PHILIPPINES: School suspended after powerful storm wreaks havoc with warnings over disease

Source: Save The Children

MANILA, 25 July 2024 – Classes across the Philippines were suspended on Thursday[1], following a powerful typhoon that swept across the country and has made its way to Taiwan, Save the Children said.
Footage shared by news outlets[2] and on social media showed people in the capital Manila wading chest-deep in water while rescue teams used boats to carry people to safety. Some took with them whatever precious possessions they could, including family pets.
At least 45 schools in the Philippines located across 40% of the country* sustained damage from the storm and the country’s Department of Education said schools in several regions, including Manila, would close on Thursday following the destruction.
The Philippines is highly vulnerable to the impacts of climate change. Rising sea levels, higher temperatures, and increased frequency of typhoons and extreme weather events has led to floods, landslides and land erosion that pollute water resources, damage infrastructure, destroy crops, and lead to loss of lives and livelihoods. In 2022, the World Risk Index ranked the Philippines as the country with the highest disaster risk.[3]
Schools across the Philippines have already faced closures this year because of extreme heat and now rain and floods. In a study released last month, the Philippine Institute for Development Studies (PIDS) said that 53 out of 180 teaching days, or more than one month of school, were lost last year due to “extreme heat and calamities”.[4]
Carla, 15, a member of Save the Children Philippines’ National Children’s Advisory Team, said she’s worried about flooding at her family home.
There are holes in our roof and the leak in my room is severe. My school card got wet, making it difficult for me to apply for a scholarship. I’m also scared that our house might collapse soon.” 
At least 13 people were killed in the Philippines following the strong winds and heavy rains brought on by Typhoon Carina, also known as Gaemi, which also led to deadly landslides. In Taiwan, more than 220 people have been injured, and thousands of households have been left without power.[5]
Faisah Ali, Humanitarian Manager for Save the Children Philippines, said:
“In times of crisis, such as Typhoon Carina, our priority must be to reach the most vulnerable children. Responding swiftly and effectively to their needs is not just an act of compassion, it is our fundamental responsibility. By ensuring their basic needs like food, shelter, and health, and providing essential education support, we not only aid their immediate survival but also lay the foundation for their future. Every child deserves the chance to learn and thrive, even amidst adversity.”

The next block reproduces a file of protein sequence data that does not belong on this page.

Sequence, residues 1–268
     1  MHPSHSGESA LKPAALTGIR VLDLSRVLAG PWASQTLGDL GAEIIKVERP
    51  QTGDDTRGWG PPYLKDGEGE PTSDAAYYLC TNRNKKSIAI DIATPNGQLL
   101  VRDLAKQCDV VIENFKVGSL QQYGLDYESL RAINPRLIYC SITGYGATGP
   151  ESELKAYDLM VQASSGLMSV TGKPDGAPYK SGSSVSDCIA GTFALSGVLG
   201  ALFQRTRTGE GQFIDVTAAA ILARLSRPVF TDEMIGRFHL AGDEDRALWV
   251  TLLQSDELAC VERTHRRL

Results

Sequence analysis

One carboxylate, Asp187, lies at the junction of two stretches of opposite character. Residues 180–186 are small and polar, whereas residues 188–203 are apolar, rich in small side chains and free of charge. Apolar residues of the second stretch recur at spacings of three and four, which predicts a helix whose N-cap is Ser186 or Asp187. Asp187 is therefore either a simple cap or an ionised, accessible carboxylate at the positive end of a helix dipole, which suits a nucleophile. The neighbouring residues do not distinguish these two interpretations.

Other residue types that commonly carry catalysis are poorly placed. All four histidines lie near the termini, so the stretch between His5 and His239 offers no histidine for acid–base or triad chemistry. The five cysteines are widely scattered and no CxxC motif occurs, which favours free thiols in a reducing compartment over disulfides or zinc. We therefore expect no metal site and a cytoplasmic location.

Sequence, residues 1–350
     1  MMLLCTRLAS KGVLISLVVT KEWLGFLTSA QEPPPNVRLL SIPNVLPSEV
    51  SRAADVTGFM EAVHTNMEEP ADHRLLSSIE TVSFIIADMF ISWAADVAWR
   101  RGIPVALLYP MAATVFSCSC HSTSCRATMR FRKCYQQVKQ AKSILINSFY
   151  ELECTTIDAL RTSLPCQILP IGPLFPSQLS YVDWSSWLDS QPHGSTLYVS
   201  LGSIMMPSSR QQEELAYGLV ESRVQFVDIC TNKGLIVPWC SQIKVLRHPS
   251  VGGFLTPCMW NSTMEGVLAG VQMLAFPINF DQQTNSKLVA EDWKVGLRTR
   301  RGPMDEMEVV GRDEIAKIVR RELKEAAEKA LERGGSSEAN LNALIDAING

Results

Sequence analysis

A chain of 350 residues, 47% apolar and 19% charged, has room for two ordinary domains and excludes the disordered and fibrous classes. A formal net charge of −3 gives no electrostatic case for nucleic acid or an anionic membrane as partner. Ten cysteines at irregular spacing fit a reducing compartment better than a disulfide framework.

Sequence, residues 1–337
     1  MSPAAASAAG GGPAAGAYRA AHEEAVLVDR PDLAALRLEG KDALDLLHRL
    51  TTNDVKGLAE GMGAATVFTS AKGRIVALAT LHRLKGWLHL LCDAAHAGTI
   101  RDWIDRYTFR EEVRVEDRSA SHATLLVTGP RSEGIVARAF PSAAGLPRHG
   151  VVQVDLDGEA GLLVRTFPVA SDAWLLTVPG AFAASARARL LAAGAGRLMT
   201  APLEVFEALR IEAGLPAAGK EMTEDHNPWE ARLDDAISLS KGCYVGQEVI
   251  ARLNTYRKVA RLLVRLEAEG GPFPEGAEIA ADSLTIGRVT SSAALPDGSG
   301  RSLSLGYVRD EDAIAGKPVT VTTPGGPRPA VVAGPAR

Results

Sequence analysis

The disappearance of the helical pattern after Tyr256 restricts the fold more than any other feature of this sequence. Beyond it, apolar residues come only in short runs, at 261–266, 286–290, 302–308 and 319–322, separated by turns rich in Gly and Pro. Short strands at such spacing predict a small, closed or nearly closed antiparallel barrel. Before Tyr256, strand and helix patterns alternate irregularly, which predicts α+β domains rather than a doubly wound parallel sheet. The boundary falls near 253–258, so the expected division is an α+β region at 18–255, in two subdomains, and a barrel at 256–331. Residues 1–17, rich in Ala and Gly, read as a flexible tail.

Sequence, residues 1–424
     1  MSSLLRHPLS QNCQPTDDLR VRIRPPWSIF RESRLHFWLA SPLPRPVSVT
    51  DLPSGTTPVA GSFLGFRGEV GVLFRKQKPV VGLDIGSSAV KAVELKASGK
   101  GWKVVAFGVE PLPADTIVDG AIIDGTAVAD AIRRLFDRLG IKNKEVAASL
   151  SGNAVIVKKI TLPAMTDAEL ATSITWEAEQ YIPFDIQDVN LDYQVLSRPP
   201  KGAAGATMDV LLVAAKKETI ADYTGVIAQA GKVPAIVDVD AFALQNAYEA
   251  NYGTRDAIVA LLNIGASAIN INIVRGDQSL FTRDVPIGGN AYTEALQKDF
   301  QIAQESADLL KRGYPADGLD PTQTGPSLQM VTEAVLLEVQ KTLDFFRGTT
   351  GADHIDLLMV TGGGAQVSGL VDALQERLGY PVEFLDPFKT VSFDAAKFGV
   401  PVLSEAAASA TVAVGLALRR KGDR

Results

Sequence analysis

The storm is expected to reach the eastern coast of China within Thursday, according to the U.S. Navy’s Joint Typhoon Warning Center.[6]
Save the Children Philippines is at the forefront the humanitarian response and is  identifying the immediate needs of affected children and their communities. Save the Children is calling on the country’s Department of Education and concerned government agencies to ensure that children like Carla can safely return to school.
The country’s Department of Health raised a nationwide “Code White Alert” and asked medical personnel and health services to be ready to respond against the threat of leptospirosis, a bacterial disease infection spread in the urine of infected animals.
Save the Children Philippines’ Health Adviser, Dr. Amado Parawan, said:
Flood waters may be contaminated with urine from rats carrying the bacteria. Thus, we encourage everyone to exercise precaution, especially for children, and seek immediate medication at the nearest health facility, if infected.”
Save the Children has been working in the Philippines since 1981 with programmes in humanitarian response, health and nutrition, education, and children’s rights and protection.
*45 schools were damaged in eight out of Philippines’ 18 regions, or about 40% of the country.
[3] https://www.usaid.gov/sites/default/files/2023-11/USAID-%20Philippines-Climate-Change-Country-Profile_0.pdf
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Please also check our Twitter account @Save_GlobalNews for news alerts, quotes, statements, and location Vlogs. 

Te iwi Māori will not stand for another Foreshore and Seabed

Source: Te Pati Maori

In 2004 te iwi Māori rallied against the Crown’s attempt to confiscate our coastlines and moana with the Foreshore and Seabed Act. This led to the largest hīkoi of a generation and the birth of Te Pāti Māori.

20 years later, history is repeating itself.

Today the government has announced they will be amending the Marine and Coastal Area Act to make it almost impossible for iwi to claim ownership of their foreshore and seabed.

In order to claim customary title, the Marine and Coastal Area Act required iwi to prove continuous, undisturbed use of their land since 1840.

Even this threshold was too generous for the government.

They are planning to raise the bar even higher to extinguish any hope that our rights will be recognised.

The Crown have run out of land to steal, so they are coming for the land under our moana.

Moana Jackson said: “The forces of colonisation demanded that there only be one site of power, that there only be one supreme sovereign.”